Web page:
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Compost company fined in poisonous gas deaths of two workers

Community Recycling & Resource Recovery must pay more than $166,000 over brothers' deaths at a Kern County facility. The state cites failures to give proper training and test for dangerous levels of gas.

March 22, 2012|By Jessica Garrison, Los Angeles Times

State workplace safety regulators issued more than $166,000 in fines Wednesday against a prominent recycling and compost company that runs a Kern County site where two brothers died last fall from exposure to poisonous gas.

"These young workers' deaths were completely preventable," said Ellen Widess, chief of the state Division of Occupational Safety and Health, in a statement.

She noted that hydrogen sulfide is a common byproduct of composting but said Community Recycling & Resource Recovery, which is headquartered in the San Fernando Valley, failed to provide workers with proper training, failed to test for dangerous levels of gas and did not have effective rescue procedures.

Widess also said Armando Ramirez, a 16-year-old employee, and Eladio Ramirez, a 22-year-old contractor, were not given adequate protection when they were cleaning the underground storm drain system at the company's facility in Kern County on Oct. 12.

Armando was standing on a ladder in a drainpipe trying to clear a blockage when he said he didn't feel well and then slipped into the pipe, according to an inspection report. Eladio tried to rescue him, but was overcome himself. Armando was pronounced dead at the scene. His older brother was taken off life support two days later.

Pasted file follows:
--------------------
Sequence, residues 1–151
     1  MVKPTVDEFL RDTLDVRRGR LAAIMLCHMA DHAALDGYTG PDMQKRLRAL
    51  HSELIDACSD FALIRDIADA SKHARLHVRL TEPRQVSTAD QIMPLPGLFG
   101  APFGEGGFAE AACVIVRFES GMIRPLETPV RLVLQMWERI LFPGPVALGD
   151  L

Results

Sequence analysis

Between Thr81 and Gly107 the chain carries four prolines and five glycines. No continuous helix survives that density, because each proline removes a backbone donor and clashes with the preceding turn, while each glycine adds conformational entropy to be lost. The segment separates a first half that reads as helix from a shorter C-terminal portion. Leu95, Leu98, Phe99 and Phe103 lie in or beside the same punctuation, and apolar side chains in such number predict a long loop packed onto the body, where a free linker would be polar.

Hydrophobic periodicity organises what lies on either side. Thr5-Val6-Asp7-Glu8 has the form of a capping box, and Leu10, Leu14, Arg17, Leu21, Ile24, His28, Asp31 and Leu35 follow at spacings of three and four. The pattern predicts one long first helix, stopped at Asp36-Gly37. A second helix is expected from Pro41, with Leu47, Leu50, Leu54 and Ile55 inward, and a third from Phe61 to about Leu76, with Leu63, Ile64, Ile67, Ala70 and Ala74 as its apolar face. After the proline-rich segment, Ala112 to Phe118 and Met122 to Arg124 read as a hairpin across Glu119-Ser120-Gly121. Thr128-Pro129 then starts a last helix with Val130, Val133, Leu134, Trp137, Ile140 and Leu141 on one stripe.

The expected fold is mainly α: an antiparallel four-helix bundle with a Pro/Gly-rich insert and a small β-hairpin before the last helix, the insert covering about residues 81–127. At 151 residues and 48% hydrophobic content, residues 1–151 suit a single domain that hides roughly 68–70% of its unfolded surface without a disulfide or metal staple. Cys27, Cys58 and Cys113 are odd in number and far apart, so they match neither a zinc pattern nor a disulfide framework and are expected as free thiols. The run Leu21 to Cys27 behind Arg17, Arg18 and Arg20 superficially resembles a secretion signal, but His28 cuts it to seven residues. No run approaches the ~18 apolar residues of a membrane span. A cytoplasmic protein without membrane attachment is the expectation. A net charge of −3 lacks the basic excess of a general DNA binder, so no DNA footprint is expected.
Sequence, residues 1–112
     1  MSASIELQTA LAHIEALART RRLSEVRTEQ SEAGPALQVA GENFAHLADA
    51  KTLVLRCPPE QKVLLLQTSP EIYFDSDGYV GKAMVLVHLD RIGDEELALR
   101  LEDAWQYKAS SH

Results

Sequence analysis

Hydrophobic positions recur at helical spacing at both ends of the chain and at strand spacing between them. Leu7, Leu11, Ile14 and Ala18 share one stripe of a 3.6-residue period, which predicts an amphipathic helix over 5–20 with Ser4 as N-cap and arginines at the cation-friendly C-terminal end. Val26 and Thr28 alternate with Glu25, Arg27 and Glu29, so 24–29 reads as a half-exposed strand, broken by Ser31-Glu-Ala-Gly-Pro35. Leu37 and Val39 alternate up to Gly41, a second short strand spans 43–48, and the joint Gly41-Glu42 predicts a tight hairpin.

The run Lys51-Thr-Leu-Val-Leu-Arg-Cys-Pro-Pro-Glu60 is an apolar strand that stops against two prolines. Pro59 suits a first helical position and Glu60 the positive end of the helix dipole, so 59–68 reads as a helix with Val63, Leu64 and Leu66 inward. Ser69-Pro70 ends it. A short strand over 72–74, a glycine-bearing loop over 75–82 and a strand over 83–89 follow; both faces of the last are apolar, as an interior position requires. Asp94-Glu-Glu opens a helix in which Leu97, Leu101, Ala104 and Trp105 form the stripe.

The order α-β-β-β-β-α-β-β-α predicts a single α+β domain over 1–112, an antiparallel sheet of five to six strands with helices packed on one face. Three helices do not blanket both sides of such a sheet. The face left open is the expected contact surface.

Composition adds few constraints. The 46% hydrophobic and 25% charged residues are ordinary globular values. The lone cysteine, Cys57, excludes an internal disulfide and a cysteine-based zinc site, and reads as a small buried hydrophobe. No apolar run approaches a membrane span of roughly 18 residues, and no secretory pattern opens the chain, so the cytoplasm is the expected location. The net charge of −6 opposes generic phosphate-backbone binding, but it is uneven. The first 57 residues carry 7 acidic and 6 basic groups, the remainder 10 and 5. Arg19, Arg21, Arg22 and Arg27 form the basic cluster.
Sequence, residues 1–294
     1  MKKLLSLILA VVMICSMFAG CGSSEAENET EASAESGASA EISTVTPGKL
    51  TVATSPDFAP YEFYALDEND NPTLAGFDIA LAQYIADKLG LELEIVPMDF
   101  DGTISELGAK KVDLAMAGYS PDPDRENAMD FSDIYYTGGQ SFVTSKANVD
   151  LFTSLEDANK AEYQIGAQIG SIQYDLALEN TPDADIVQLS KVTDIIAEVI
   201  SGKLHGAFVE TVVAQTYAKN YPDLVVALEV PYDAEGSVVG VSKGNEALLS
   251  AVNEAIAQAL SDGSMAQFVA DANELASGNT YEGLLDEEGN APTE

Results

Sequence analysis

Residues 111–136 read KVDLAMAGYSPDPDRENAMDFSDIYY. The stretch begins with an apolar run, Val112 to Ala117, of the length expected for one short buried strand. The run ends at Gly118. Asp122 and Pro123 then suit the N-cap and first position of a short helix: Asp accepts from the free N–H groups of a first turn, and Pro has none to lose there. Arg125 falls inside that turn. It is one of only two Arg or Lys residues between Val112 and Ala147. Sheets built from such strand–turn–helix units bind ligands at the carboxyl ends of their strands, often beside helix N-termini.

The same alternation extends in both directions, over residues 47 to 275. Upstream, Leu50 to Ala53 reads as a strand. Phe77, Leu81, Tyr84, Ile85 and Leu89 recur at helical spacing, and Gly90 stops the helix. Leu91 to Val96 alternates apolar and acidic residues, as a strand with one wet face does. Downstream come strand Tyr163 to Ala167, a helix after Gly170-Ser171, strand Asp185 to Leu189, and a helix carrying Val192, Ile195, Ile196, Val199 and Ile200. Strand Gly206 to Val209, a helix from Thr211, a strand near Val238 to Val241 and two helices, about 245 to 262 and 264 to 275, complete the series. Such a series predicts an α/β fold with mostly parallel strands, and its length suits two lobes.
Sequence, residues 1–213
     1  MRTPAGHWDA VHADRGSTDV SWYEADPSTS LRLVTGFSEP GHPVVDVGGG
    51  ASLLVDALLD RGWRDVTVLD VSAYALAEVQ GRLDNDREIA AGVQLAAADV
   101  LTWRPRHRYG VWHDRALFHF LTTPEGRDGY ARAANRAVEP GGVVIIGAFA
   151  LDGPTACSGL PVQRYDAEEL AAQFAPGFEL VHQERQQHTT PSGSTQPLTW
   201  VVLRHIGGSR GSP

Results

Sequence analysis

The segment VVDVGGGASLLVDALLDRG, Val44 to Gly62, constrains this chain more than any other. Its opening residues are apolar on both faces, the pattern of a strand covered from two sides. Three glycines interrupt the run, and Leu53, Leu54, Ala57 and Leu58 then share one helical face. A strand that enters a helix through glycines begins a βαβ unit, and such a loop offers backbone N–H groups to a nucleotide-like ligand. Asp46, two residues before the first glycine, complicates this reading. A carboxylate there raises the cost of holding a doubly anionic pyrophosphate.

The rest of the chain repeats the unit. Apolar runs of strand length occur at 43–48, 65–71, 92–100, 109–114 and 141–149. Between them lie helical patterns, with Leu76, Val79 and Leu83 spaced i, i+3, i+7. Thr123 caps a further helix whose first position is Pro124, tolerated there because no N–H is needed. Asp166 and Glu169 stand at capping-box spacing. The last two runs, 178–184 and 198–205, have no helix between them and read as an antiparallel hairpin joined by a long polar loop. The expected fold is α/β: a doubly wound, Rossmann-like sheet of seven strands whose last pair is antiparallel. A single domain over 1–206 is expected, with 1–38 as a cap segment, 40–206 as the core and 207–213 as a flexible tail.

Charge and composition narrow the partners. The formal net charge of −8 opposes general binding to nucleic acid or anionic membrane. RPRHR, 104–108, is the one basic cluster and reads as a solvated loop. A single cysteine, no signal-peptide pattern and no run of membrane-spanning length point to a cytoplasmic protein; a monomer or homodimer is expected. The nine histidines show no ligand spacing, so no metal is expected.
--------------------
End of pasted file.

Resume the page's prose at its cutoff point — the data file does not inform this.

In a statement, Community Recycling officials said they could not comment on the citations because they had not yet seen them. The company added that the deaths were the first in the facility's 17 years of operation and that the firm had "aggressively investigated" the circumstances and reviewed its entire safety and training program to ensure that such accidents would not recur.

Cal/OSHA spokeswoman Erika Monterroza said the division's Bureau of Investigation, which examines serious workplace accidents and deaths for possible criminal negligence, is still looking into the matter and, if it is warranted, will turn evidence over to the Kern County district attorney for prosecution.

At 16, Armando may have been too young for the hazardous work he was doing, although he had fake work papers saying he was 30, officials said. Cal/OSHA made a referral to the Division of Labor Standards Enforcement for possible child labor law violations. That investigation is ongoing.

jessica.garrison@latimes.com

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